Fishing Spot A - West of the Ninepin Rock
The beach on the western side of the Ninepin Rock is the easiest and most productive place to fish with a kite rig at Whatipu. The north channel cuts in close to the beach here and the bottom is mostly clear of snags. Sets deploying the terminal fishing
tackle 300 - 400 metres offshore are best.
The current is very strong, so any of the dropper rigs are recommended. While it is possible to use a longline rig here over slack water, it is not advised due to large sharks and the currents. A conventional sand dropper hook section works well here.
Snapper, gurnard and kahawai can be caught year round. Schools of kingfish regularly pass through when the mullet are running from November to May and skipping a live kahawai or dead whole mullet under a kite can be very productive. Trevally can often
be caught close in at this spot and very big sharks sometimes frequent the area.
Fishing Spot B - The Ninepin
The Ninepin rock has been the cause of several drawing over the years and great care should be taken getting on and off the rocks when the tide is running.
A deceptively narrow channel runs between the rock and the beach and it is easy to step into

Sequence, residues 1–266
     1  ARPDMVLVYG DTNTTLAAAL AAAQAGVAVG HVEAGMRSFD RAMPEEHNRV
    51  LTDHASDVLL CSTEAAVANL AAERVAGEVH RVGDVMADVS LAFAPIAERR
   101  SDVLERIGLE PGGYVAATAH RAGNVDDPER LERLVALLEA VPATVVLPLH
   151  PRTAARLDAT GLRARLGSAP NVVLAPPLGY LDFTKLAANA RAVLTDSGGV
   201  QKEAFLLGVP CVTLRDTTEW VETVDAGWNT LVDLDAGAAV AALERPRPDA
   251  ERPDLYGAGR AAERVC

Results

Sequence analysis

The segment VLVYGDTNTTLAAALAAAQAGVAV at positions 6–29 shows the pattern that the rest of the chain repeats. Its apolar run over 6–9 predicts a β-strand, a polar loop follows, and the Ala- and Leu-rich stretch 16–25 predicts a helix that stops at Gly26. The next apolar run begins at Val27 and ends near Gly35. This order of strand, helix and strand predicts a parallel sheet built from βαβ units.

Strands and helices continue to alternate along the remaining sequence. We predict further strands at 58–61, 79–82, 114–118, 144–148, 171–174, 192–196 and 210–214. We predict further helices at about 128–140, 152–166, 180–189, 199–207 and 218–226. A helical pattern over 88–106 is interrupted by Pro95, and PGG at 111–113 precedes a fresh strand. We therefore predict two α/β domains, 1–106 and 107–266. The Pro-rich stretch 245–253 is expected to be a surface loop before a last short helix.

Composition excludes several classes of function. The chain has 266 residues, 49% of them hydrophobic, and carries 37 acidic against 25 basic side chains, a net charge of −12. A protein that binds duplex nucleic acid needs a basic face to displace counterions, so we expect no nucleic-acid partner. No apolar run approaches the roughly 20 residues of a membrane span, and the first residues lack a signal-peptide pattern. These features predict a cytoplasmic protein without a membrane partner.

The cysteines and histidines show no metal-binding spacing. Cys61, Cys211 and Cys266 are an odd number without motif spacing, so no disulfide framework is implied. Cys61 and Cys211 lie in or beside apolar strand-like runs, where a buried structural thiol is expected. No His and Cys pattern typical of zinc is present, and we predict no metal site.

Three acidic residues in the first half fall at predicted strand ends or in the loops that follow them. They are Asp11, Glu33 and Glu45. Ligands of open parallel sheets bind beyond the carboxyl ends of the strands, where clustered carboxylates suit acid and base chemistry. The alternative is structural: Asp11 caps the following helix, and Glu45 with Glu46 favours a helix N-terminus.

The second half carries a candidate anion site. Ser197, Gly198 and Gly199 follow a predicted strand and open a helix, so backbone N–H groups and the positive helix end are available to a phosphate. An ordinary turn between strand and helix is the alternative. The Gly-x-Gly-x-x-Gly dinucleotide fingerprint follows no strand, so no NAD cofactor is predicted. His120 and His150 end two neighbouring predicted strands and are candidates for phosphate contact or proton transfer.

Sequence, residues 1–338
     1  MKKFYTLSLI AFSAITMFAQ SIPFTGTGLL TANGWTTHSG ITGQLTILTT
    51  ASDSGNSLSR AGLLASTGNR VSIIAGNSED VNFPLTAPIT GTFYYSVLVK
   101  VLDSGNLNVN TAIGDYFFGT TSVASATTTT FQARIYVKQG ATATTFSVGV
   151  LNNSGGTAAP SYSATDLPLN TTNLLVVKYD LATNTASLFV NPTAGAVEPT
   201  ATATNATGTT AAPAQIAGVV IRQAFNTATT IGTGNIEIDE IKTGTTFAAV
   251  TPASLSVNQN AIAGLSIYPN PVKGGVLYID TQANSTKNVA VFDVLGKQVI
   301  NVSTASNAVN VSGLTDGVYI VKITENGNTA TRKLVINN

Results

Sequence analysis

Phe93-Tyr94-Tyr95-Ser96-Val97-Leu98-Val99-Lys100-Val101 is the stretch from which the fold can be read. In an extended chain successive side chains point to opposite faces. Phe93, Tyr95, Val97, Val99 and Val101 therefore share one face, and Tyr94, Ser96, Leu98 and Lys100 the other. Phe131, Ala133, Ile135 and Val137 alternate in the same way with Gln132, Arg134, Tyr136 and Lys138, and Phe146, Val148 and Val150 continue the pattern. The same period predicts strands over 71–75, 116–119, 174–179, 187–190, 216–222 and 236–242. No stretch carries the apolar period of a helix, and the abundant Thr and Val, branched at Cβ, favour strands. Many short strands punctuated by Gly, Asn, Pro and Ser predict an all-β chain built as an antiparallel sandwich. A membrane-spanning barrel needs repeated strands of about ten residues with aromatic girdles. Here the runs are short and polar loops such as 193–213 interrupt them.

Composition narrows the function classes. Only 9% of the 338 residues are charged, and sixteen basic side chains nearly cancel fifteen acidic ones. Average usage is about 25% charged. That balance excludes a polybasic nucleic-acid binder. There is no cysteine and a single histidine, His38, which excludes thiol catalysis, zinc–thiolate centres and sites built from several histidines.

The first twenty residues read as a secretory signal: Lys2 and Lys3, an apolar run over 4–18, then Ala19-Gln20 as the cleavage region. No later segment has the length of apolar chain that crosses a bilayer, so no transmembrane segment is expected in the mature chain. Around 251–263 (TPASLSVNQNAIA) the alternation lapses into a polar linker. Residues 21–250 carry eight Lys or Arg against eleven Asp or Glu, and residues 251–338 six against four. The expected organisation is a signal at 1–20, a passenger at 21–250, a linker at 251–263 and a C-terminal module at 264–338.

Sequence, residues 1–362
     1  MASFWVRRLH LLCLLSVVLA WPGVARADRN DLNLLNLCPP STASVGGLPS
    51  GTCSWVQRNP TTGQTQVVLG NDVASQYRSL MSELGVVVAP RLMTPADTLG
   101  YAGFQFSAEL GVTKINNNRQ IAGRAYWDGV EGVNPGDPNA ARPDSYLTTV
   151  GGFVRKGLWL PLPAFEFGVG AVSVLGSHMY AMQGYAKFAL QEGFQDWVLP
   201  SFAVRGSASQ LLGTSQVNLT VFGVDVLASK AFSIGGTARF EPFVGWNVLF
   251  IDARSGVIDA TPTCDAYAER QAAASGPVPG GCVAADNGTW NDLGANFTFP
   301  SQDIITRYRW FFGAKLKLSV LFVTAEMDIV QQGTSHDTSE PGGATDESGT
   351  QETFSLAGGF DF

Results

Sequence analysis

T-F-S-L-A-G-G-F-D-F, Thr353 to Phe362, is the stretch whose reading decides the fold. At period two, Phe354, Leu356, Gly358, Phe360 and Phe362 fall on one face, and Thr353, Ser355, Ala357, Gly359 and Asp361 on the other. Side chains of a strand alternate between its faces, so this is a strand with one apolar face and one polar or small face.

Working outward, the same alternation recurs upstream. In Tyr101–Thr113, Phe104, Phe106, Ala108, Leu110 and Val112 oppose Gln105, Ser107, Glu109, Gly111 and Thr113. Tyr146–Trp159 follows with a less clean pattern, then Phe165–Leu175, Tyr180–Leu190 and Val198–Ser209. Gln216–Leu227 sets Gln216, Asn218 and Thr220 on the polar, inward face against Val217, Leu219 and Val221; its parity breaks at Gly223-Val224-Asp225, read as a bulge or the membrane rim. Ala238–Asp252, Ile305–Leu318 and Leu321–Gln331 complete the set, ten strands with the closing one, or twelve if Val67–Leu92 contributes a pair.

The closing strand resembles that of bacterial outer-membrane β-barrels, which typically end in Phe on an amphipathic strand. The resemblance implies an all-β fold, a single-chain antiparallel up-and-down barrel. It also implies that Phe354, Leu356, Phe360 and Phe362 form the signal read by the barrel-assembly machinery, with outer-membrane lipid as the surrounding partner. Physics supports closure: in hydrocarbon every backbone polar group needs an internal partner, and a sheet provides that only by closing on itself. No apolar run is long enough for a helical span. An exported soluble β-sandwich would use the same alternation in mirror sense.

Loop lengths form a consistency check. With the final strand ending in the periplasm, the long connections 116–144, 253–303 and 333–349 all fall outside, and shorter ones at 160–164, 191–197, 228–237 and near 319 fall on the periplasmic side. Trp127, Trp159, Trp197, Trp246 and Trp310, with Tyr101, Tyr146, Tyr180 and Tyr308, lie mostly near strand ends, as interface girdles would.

holes caused by the fast current that runs through the gap and be swept out to sea.
Storms can change the lay of the channel so always use a rod tip or pole to check what depth you will be stepping into or better still go with someone who knows the area and safe times of the tide for crossing.
The rocks are popular with surfcasters because deep water is within easy casting range although the strong current can cause problems.
A Flexiwing kite dropper rig run from a rod and reel spooled with spectra is the ideal system for fishing this spot because it is important to keep the mainline off the rocks. A three to five hook ledger rig run below a 10 to 15 kg spectra dropper fitted
with with a sacrificial 500 to 850 gram sinker on the bottom is the ideal rig for kite fishing over the reef here.
This system will minimise the effect of the current and the chance of gear or fish loss. Sets between 150 to 250 metres offshore are best for snapper here.
Best winds at the Ninepin Rock are north to north west. Big snapper, trevally and kingfish are the main target species. Reef fish are a common by-catch and huge dogfish are easily caught if using shellfish, crayfish, shrimps or crabs for bait. Surprisingly
blue moki are sometimes caught here on the same baits as those used for targeting dogfish.
Fishing Spot C - The Bay
When conditions are unsuitable for getting on to the Ninepin Rock, fishing to the left of the offshore rock near the ninepin is good. However the whole bay is productive and the same reef ledger rig as used at the Ninepin Rock should be used anywhere
in the bay. Because you are fishing from the beach here a big dropper rig can also be used as the line can be hauled directly on to the beach.
Sets that put the hooks into the middle of the bay are more productive than setting right out. 200 to 300 metre sets are best and will result in similar catches as those taken at the Ninepin. When the tide is going out sometimes an eddy forms in the